The boy ignored them both. "You deal ten cards before you shuffle, right? The next seven cards will be the ace of spades, the five of clubs, the king of hearts, the two of hearts, the eight of spades, the four of spades, and the seven of diamonds. The seven of diamonds is the one you will drop on the floor."

Lucky Seven Sally's lip twitched. "I never drop the cards, boy. And I've already drawn the four of spades, so we know that at least one of your guesses is wrong. Why don't you sit back down and let the professionals play?"

The boy continued to smile, but his voice was firm. "Turn the cards."

Sally was too good natured to frown, but the way she slapped the cards down on the table showed that she was angry . "Wrong, wrong, wrong, wrong, wrong, wrong, wrong. And wrong again, because I didn't drop any cards. Congratulations, boy. It takes a lot of skill to avoid getting even one card right."

The audience's reaction was mixed. A few people who had been charmed by his beauty, grace and composure were disappointed that he had not performed better, but most were either annoyed at the interruption or embarrassed for the boy who had challenged the Old City's greatest magician's and fallen flat on his face. Vic was looking at his hands, examining his perfectly manicured nails, his face a careful study in boredom, and Anna was giving everyone a big I told you so grin.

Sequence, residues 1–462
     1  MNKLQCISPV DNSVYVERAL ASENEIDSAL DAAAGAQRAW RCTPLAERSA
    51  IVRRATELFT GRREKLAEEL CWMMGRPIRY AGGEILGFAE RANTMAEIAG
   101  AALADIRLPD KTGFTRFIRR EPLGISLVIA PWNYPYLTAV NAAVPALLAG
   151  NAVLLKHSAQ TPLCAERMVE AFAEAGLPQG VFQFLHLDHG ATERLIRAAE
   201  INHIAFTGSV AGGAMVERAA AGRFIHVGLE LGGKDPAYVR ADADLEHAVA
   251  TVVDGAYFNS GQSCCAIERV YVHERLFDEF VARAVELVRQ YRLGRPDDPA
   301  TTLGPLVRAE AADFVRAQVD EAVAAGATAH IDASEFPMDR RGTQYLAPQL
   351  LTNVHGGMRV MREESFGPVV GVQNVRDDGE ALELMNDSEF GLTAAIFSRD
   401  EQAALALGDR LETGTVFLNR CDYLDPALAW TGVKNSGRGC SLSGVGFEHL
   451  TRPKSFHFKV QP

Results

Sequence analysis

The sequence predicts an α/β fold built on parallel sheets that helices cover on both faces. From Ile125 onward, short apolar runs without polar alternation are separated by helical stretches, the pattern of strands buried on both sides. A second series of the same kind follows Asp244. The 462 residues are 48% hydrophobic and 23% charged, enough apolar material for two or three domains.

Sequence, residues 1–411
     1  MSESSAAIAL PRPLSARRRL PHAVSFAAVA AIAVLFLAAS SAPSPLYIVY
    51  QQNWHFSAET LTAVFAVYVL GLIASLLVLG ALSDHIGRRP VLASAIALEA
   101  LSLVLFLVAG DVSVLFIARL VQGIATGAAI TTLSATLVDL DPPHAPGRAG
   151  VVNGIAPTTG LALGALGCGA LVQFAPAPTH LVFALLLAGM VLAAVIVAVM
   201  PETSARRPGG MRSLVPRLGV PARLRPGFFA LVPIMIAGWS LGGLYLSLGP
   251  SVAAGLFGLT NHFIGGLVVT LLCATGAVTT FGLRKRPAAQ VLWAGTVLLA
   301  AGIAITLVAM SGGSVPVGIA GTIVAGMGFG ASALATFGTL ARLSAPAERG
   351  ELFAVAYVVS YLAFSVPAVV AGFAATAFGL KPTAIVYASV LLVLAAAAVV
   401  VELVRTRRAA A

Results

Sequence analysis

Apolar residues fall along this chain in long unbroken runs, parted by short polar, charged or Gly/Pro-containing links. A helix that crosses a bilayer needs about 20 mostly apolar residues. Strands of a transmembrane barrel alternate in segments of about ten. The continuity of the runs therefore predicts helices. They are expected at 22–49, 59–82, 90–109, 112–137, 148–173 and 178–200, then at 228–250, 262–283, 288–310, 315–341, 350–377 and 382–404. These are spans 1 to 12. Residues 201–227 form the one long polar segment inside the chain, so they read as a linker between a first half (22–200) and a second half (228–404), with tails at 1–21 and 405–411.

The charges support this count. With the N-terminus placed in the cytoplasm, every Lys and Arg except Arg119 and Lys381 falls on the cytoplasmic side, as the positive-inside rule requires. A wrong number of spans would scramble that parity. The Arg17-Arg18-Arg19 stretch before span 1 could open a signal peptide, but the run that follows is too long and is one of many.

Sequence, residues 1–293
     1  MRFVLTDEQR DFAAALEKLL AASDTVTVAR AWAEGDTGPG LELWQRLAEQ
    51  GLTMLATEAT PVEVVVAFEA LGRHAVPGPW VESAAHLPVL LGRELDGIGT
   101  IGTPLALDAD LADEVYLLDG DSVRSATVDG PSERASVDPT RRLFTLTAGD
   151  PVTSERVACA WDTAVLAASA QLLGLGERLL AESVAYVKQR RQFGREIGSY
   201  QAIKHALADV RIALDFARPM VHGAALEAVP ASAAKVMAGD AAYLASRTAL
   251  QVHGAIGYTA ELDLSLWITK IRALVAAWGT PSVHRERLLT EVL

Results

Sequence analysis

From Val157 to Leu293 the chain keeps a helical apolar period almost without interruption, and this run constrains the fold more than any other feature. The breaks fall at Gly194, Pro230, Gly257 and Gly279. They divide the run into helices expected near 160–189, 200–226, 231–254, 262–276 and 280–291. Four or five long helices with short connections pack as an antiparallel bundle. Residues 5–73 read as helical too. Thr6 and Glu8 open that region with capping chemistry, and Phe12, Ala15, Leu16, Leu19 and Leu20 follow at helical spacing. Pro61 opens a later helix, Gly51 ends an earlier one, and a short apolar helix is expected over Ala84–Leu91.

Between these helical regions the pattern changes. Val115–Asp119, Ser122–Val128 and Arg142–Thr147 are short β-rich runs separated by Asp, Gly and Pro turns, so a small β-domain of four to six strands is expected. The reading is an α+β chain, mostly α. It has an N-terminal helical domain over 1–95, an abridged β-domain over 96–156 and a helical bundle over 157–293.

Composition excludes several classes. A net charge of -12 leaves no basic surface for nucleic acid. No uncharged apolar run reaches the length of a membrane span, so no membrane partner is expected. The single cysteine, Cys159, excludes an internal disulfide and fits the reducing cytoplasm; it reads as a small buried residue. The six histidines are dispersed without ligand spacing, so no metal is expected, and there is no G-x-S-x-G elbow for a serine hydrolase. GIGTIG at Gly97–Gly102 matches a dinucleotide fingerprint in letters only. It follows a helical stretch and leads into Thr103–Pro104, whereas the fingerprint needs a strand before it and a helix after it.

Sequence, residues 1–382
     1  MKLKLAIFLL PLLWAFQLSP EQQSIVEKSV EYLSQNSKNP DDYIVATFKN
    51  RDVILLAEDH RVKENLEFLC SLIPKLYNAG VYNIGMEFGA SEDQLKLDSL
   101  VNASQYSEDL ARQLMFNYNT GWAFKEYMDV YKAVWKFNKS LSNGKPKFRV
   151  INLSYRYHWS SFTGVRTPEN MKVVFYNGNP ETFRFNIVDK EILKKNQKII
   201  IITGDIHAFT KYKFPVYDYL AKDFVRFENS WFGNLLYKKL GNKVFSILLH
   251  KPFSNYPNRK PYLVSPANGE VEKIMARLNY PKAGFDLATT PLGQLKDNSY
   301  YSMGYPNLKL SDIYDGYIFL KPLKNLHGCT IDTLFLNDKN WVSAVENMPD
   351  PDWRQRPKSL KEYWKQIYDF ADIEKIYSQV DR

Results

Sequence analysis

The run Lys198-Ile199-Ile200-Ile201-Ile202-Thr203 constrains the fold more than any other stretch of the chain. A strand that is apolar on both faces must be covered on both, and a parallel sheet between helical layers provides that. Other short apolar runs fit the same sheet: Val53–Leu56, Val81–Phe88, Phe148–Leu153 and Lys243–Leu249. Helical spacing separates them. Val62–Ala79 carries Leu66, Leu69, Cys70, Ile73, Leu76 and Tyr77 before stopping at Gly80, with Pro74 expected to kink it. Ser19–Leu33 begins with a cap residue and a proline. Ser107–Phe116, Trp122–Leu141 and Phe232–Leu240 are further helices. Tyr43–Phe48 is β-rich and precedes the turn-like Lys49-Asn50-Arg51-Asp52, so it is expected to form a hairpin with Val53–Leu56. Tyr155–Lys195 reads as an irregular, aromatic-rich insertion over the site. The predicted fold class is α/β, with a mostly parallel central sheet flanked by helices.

The only person who seemed unaffected by the boy's poor performance was his friend, the Street Surfer, who was grinning from ear to ear. "Now he'll show you," she smirked.

"Show us what?" Anna demanded. "How to make fools of ourselves?"

The Street Surfer scowled at her. "No, you bitch. He's gonna show you real magic."

The dark boy laid a restraining hand on his companion's shoulder. "Don't be rude, Kika." His voice was a caress.

Her tattooed lower lip stuck out. "She started it," Kika pouted.

"And I am going to finish it. Shuffle the cards, Sally."

The old woman's eyebrows rose.

"Shuffle the cards," he said again. "Shuffle them, then lay out the first ten cards on the table where everyone can see them."

"Is this some new game?"

Still smiling, he hissed "Just do it!" His beautiful dark eyes stared into Sally's cloudy, jaundiced eyes, willing her to obey him. The color drained from her face. Her gloved hands trembled slightly as she shuffled the cards.